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David Garrick (19 February 1717 – 20 January 1779) was an English actor, playwright, theatre manager and producer who influenced nearly all aspects of theatrical practice throughout the 18th century, and was a pupil and friend of Dr Samuel Johnson.
He appeared in a number of amateur theatricals, and with his appearance in the title role of Shakespeare's Richard III, audiences and managers began to take notice. Impressed by his portrayals of Richard III and a number of other roles, Charles Fleetwood engaged Garrick for a season at the Theatre Royal, Drury Lane.
He remained with the Drury Lane company for the next five years and purchased a share of the theatre with James Lacy.
This purchase inaugurated 29 years of Garrick's management of the Drury Lane, during which time it rose to prominence as one of the leading theatres in Europe.
At his death, three years after his retirement from Drury Lane and the stage, he was given a lavish public funeral at Westminster Abbey where he was laid to rest in Poets' Corner. As an actor, Garrick promoted realistic acting that departed from the bombastic style that was entrenched when he first came to prominence.
His acting delighted many audiences and his direction of many of the top actors of the English stage influenced their styles as well.
During his tenure as manager of Drury Lane, Garrick also sought to reform audience behaviour.
While this led to some discontent among the theatre-going public, many of his reforms eventually did take hold.
Garrick also sought reform in production matters, bringing an overarching consistency to productions that included set design, costumes and even special effects. Garrick's influence extended into the literary side of theatre as well.
Critics are almost unanimous in saying he was not a good playwright, but his work in bringing Shakespeare to contemporary audiences is notable.
In addition, he adapted many older plays in the repertoire that might have been forgotten.
These included many plays of the Restoration era.
Indeed, while influencing the theatre towards a better standard he also gained a better reputation for theatre people.
This accomplishment led Samuel Johnson to remark that "his profession made him rich and he made his profession respectable."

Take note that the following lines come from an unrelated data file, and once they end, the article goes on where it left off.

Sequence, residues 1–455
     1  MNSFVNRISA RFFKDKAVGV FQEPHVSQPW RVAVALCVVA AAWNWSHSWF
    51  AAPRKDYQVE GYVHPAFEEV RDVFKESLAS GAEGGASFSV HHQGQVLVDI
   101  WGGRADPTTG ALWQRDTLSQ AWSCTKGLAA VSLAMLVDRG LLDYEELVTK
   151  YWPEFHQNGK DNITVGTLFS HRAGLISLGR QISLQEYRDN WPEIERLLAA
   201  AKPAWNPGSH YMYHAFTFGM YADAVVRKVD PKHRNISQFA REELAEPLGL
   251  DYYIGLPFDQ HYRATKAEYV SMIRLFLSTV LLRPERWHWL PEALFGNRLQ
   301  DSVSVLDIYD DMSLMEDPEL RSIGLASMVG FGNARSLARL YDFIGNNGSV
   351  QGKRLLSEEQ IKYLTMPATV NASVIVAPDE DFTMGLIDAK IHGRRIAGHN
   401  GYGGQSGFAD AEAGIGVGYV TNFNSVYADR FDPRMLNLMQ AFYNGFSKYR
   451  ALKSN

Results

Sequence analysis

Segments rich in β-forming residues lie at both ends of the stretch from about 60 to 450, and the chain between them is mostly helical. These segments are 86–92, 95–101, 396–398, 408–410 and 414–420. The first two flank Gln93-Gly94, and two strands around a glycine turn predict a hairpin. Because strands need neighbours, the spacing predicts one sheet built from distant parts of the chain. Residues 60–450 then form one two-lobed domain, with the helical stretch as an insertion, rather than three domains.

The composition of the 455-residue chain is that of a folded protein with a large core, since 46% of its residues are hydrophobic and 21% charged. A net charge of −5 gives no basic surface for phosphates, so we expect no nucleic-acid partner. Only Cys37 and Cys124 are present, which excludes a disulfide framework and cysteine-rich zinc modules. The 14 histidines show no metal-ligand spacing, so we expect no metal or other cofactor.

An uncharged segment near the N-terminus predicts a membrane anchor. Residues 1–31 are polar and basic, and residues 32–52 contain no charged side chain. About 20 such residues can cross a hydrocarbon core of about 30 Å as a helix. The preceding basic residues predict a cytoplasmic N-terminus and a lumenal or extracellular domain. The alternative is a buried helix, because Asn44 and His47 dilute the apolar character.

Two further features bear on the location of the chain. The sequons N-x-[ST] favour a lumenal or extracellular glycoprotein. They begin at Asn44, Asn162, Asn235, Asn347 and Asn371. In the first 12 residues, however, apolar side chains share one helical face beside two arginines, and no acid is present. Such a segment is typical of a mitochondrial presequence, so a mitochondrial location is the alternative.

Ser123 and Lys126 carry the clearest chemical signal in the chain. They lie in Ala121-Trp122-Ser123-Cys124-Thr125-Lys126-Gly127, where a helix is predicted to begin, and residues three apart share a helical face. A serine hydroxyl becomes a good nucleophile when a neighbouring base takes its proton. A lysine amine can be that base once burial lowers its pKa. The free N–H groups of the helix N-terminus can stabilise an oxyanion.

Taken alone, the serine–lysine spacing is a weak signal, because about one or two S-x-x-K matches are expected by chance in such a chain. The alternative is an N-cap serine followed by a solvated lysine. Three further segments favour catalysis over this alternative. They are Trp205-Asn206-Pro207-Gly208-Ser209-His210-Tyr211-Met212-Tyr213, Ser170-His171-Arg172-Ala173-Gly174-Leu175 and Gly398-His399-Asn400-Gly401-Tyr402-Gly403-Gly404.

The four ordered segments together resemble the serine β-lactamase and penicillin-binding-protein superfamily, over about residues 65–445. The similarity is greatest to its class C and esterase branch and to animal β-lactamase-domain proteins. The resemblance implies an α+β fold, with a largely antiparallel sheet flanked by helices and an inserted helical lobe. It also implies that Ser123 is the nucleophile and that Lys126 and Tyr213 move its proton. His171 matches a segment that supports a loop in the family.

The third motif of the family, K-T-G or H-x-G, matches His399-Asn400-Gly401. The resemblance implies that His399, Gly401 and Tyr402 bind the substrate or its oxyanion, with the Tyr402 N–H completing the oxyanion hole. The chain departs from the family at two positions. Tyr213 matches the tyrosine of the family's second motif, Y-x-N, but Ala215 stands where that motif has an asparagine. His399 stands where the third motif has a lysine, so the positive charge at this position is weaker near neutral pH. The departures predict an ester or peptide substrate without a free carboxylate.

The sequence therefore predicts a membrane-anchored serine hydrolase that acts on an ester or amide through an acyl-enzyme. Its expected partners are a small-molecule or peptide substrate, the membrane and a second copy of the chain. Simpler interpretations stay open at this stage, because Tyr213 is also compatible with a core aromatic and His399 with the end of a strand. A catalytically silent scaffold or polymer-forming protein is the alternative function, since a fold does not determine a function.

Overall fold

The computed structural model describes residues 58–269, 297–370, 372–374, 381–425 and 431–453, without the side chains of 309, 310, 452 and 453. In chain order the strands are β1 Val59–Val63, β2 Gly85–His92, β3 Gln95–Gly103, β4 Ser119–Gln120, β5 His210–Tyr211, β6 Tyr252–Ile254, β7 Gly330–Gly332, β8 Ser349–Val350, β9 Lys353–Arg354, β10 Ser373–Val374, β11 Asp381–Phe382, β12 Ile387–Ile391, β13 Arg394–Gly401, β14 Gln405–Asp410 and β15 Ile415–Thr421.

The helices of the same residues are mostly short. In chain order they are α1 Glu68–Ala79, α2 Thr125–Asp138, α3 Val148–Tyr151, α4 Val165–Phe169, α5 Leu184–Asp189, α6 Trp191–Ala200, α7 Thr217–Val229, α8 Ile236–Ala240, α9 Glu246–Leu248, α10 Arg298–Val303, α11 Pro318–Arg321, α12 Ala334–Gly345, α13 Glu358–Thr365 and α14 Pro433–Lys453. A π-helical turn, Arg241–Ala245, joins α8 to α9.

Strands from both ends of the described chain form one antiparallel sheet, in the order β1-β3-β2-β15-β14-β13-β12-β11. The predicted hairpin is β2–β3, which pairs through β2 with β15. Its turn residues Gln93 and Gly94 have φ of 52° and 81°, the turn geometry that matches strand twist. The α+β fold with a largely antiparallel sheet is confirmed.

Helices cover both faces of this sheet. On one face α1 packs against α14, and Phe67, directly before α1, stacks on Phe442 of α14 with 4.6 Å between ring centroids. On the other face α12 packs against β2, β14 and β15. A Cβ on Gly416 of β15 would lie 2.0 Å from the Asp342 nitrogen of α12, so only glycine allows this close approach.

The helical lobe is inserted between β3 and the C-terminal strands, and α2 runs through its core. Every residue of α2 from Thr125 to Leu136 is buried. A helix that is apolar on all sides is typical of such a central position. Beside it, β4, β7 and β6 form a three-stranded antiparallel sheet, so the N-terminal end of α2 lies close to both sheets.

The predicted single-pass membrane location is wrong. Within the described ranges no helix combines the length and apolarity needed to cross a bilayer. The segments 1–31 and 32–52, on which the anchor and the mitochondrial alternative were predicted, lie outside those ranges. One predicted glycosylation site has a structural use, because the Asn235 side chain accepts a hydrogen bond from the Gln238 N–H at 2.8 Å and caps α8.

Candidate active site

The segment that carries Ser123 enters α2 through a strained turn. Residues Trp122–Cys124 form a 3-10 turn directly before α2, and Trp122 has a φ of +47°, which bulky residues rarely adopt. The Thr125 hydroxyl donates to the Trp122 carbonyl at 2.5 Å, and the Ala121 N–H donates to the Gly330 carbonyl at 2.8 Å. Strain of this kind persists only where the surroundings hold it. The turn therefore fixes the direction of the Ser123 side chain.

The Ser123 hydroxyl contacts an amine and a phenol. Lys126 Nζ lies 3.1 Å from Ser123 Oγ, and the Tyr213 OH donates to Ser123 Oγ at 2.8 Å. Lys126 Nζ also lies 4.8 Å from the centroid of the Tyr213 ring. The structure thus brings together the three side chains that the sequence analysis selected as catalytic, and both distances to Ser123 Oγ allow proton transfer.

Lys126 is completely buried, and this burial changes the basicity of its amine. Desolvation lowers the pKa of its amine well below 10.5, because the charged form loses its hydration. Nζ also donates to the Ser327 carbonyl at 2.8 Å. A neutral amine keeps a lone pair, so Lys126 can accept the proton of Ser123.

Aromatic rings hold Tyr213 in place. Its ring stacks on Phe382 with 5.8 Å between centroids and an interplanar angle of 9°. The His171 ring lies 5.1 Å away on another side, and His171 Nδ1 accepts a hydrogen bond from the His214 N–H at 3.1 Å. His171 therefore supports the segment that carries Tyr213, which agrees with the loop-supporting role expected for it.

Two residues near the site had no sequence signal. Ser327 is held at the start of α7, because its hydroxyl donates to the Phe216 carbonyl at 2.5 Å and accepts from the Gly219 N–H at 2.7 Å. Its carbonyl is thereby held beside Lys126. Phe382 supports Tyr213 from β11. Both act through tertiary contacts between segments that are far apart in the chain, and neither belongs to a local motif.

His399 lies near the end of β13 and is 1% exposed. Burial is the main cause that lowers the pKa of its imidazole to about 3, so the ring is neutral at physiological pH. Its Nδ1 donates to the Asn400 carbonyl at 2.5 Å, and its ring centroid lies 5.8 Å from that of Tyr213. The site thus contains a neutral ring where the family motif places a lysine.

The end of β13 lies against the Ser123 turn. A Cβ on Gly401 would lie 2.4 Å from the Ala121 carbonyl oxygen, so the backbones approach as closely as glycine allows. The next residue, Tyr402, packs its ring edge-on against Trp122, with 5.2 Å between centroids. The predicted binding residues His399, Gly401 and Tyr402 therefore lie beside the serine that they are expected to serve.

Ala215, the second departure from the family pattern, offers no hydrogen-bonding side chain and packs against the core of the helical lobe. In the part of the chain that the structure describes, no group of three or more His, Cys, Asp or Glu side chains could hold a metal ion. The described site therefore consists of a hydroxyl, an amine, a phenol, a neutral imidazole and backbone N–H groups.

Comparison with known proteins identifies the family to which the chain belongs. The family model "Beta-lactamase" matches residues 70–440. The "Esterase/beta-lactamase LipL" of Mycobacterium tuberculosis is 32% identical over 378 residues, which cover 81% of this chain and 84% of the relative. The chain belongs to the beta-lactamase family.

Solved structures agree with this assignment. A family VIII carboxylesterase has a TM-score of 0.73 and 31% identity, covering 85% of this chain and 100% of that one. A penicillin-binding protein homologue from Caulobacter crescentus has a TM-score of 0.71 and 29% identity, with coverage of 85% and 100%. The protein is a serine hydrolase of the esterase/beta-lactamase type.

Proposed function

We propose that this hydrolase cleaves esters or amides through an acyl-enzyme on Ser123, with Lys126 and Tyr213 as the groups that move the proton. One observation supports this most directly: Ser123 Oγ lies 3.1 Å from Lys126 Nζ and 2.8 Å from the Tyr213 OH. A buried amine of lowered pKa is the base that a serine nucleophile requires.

Garrick was born at the Angel Inn, Widemarsh Street, Hereford in 1717 into a family with French Huguenot roots in the Languedoc region of Southern France. His grandfather, David Garric, was in Bordeaux in 1685 when the Edict of Nantes was abolished, revoking the rights of Protestants in France. Grandfather Garric fled to London and his son, Peter, who was an infant at the time, was later smuggled out by a nurse when he was deemed old enough to make the journey. David Garric became a British subject upon his arrival in Britain, and later Anglicised his name to Garrick. Some time after David Garrick's birth the family moved to Lichfield, home to his mother. His father, a captain in the army, was a recruiting officer stationed in Gibraltar through most of young Garrick's childhood.
Garrick was the third of seven children and his younger brother, George (1723–1779), served as an aide to David for the remainder of his life. The playwright and actor Charles Dibdin writes that George, when on occasion discovering his brother's absence, would often inquire "Did David want me?" Upon Garrick's death in 1779, it was noted that George died 48 hours later, leading some to speculate that David did indeed want him.
His nephew, Nathan Garrick, married Martha Leigh, daughter of Sir Egerton Leigh, and sister of Sir Samuel Egerton Leigh, author of Munster Abbey; a Romance: Interspersed with Reflections on Virtue and Morality (Edinburgh 1797).
At the age of 19, Garrick, who had been educated at Lichfield Grammar School, enrolled in Samuel Johnson's Edial Hall School. Garrick showed an enthusiasm for the theatre very early on and he appeared in a school production around this time in the role of Sergeant Kite in George Farquhar's The Recruiting Officer. After Johnson's school was closed, he and Garrick, now friends, travelled to London together to seek their fortunes. Upon his arrival in 1737, Garrick and his brother became partners in a wine business with operations in both London and Lichfield with David taking the London operation. The business did not flourish, possibly due to Garrick's distraction by amateur theatricals. Playwright Samuel Foote remarked that he had known Garrick to have only three quarts of vinegar in his cellar and still called himself a wine merchant. He was supposedly a pupil at Sir Joseph Williamson's Mathematical School.
In 1740, four years after Garrick's arrival in London, and with his wine business failing, he saw his first play, a satire, Lethe: or Aesop in the Shade, produced at the Theatre Royal, Drury Lane. Within a year he was appearing professionally, playing small parts at the Goodman's Fields Theatre under the management of Henry Giffard. The Goodman's Fields Theatre had been shuttered by the Licensing Act of 1737 which closed all theatres that did not hold the letters patent and required all plays to be approved by the Lord Chamberlain before performance. Garrick's performances at the theatre were a result of Giffard's help with Garrick's wine business. Giffard had helped Garrick win the business of the Bedford Coffee-house, an establishment patronised by many theatrical and literary people and a location Garrick frequented.